Thursday's preseason game against the Atlanta Falcons provides Washington's young receivers a critical chance to stand out.
With 13 wide receivers on the Redskins roster, the meeting room is crowded. For the receivers on the bottom half of the depth chart, the preseason offers critical opportunities for players to demonstrate their value,
Before the Redskins head to Richmond for training camp, check out who all is on the roster position-by-position. Today, it is the wide receivers.
particularly on special teams.
DeSean Jackson, Pierre Garçon, Jamison Crowder, Rashad Ross and Ryan Grant return from last year's squad, and Josh Doctson was drafted in the first round of the NFL Draft this year. That leaves Maurice Harris, Jarvis Turner, Valdez Showers, Dez Stewart, Reggie Diggs, Kendal Thompson and T.J. Thorpe competing for roster spots during the preseason.
"We have some guys that have shown to be worthy of getting these reps," Gruden said of the wide receivers. "It'll be fun to watch these guys and then see how they do on special teams and that'll help make our decision moving forward."
For the players who were signed in the last few weeks, the opportunity to showcase their skills in the preseason is something to relish.
"Literally wherever I touch the field I'm trying to show them, on special teams to offense and even if I end up on defense I'll try to make something work," Stewart, who was signed on July 18, said. "Anywhere they put me, I'm looking to show them I got what it takes."
While Stewart jokes about changing positions, Kendal Thompson already has.
Thompson played quarterback at Utah before switching to wide receiver to survive at the NFL level, and now tight end Jordan Reed, another former quarterback, has been helping Thompson with his transition. Against the Falcons, Thompson is hoping to demonstrate his wide receiver chops against an opposing team after being signed on the first day of training camp.
"I'm definitely excited, you know it's the second time I've strapped on the pads as a wide receiver and so definitely looking forward to going out there and seeing where I've improved and what I need to improve upon," Thompson said. "It's always good to go out there and square up against another team so I think our team as a whole is ready to go out there and compete."
The entire group of young wide receivers understands how pivotal special teams is to their future with the team.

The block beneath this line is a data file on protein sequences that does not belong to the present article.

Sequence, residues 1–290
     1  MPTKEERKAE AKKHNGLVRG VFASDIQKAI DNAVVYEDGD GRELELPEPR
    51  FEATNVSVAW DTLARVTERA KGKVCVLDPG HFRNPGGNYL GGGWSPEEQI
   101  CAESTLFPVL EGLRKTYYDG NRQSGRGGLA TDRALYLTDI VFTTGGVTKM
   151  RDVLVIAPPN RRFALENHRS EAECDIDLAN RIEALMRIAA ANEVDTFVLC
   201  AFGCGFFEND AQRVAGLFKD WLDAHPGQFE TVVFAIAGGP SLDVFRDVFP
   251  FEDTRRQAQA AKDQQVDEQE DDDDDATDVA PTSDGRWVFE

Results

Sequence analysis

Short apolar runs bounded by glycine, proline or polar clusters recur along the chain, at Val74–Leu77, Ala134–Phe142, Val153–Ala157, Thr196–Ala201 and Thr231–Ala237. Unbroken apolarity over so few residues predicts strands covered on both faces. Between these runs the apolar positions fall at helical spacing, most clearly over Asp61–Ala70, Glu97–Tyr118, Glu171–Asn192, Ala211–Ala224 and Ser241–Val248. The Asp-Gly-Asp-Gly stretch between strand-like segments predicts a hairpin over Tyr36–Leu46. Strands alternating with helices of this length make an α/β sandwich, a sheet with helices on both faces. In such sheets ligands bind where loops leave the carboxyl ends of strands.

"You've got to be versatile," Showers said. "You got to show them that you can do different things that way they can fit you under their roster because you can do different things so that's what I'm looking to do."
Preparedness has helped receiver Maurice Harris, who has flashed in camp and even worked reps with the first team. Harris' unique college career allowed him to learn a pro-style offense under head coach Jeff Tedford and play with pro-caliber quarterback talent in No.1-overall pick Jared Goff.
"The main thing is knowing the playbook," Harris said. "You know, if you don't know the playbook you can't play, so just standing on top of me about knowing the plays and knowing what I have to do and being prepared."
For young receivers, preparation is key to handling game day jitters when there are so many thoughts going on in the moment while the play clock is ticking.
"Just make sure you hear the playcall, just make sure you understand what you're doing so that can make you play faster and be comfortable," Garçon said. "You don't want to mess up early in your career, you're hesitant because you're not sure if you're doing it right, not sure if you're lined up right, not sure if the coaches called the play right or if it's what you heard, you're so worried about the play, being in an NFL game, being on TV, playing against a different defense, so it's a lot of things going on in your head when you're a rookie for your first game."
As if that were not enough of a whirlwind, Atlanta native T.J. Thorpe will have a few extra thoughts running through his head on Thursday. Thorpe grew up a Falcons fan and his father was a longtime Falcons season ticket holder. Returning to the Georgia Dome for the first time as a player instead of a fan, Thorpe's entire extended family is coming out of the woodwork to attend the Thursday's game.
"Apparently I have long lost cousins I had no clue about until like a week ago," Thorpe said with a smile.
While Thorpe's family will be in attendance (and rooting for the Redskins), he is more concerned with his performance on the field.
"Any point they put me in, just go out and show (the coaches) I know my assignment, I'm a physical guy, and that I belong on the field," Thorpe said. "So whether it's returning, running down on kickoff, catching balls, whatever, that's what I'm going to do."